Along the opening on front piece work buttonhole loops as follows (beg at the bottom): 2 sc in first dc, ch 3, skip 1 dc, * work 2 sc in each of the next 2 dc, ch 3, skip 1 dc *, repeat from *-* 3 times in total and finish with 2 sc in last dc at the top, turn and work back as follows: 1 sc in every sc and 3 sc in every ch-space.

Along the other side of the opening work 5 rows with sc back and forth (on 1st row work 2 sc in every dc = 24 sc), cut the yarn. Sew the buttons on to the button band.

Work an edge at top of waist on skirt as follows from RS: Fasten the strand with 1 sl st at the edge of button folding edge, ch 1, * ch 1, skip ch 1, 1 sc in next ch *, repeat from *-* along the entire edge of waist. Fasten off.


All measurements in charts are in cm.

symbols = dc in/around st
symbols = dc around ch-space
symbols = ch
symbols = sc in/around st
symbols = sc in ch-space
symbols = work 2 dc in same st as follows: 1 dc, but wait with last pull through (there are now 2 loops on hook), work 1 dc in same st. Pull last loop through all 3 loops on hook.
symbols = dtr
symbols = 8 ch
symbols = Work 1 dc in next dc but wait with last pull through (= 2 sts on hook), work 1 dc in each of the next 2 dc the same way, pull yarn through all 4 sts on hook
symbols = 4 ch
symbols = beg here = 1st round
symbols = round is explained in pattern
Do you have a question? See a list of frequently asked questions (FAQ)

Knitting tension is what determines the final measurements of your work, and is usually measured per 10 x 10 cm. It is provided like so: number of stitches in width x number of rows in height - eg: 19 stitches x 26 rows = 10 x 10 cm.

The knitting tension is very individual; some people knit/crochet loosely while others work tightly. You adjust the knitting tension with the needle size, which is why the suggested needle size only serve as a guide! You need to adjust this (up or down) to ensure that YOUR knitting tension matches the knitting tension provided in the pattern. If you work with a different knitting tension than provided you will have a different yarn consumption, and your work will have different measurements than what the pattern suggests.

The knitting tension also determines which yarns can replace each other. As long as you achieve the same knitting tension you can replace one yarn with another.

See DROPS lesson: How to measure your tension/gauge

See DROPS video: How to make a gauge tension swatch

The required amount of yarn is provided in grams, eg: 450 g. To calculate how many balls you’ll need you first need to know how many grams are in 1 ball (25g, 50g or 100g). This information is available if you click on the individual yarn quality on our pages. Divide the amount required with the amount of each ball. For example, if each ball is 50g (the most common amount), the calculation will be as follows: 450 / 50 = 9 balls.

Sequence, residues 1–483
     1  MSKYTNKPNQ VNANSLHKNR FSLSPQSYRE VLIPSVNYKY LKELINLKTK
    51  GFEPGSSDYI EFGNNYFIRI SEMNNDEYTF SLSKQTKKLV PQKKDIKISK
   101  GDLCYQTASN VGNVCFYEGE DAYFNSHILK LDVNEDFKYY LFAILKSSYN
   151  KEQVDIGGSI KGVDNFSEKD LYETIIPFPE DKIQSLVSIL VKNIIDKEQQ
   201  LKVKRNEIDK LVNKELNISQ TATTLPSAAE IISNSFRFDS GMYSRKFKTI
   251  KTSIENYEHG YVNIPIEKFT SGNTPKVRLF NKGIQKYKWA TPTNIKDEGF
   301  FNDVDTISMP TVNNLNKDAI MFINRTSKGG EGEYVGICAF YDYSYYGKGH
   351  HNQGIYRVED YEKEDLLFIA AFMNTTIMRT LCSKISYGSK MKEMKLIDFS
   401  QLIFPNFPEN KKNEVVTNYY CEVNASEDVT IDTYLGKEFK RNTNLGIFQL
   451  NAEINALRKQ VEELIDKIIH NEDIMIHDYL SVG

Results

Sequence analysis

The important thing when changing from one yarn to another is that the knitting/crochet tension remains the same. This is so that the measurements of the finished piece will be the same as on the sketch provided. It is easier to achieve the same knitting tension using yarns from the same yarn group. It is also possible to work with multiple strands of a thinner yarn to achieve the knitting tension of a thicker one. Please try our yarn converter. We recommend you to always work a test swatch.

Please NOTE: when changing yarn the garment might have a different look and feel to the garment in the photo, due to individual properties and qualities of each yarn.

See DROPS lesson: Can I use a different yarn than the one mentioned in the pattern?

All our yarns are categorised into yarn groups (from A to F) according to thickness and knitting tension – group A contains the thinnest yarns and group F the thickest. This makes it easier for you to find alternative yarns to our patterns, should you wish to switch yarn. All yarns within the same group have a similar knitting tension and can easily replace each other. However, different yarn qualities have different structures and properties which will give the finished work a unique look and feel.

Click here for an overview of the yarns in each yarn group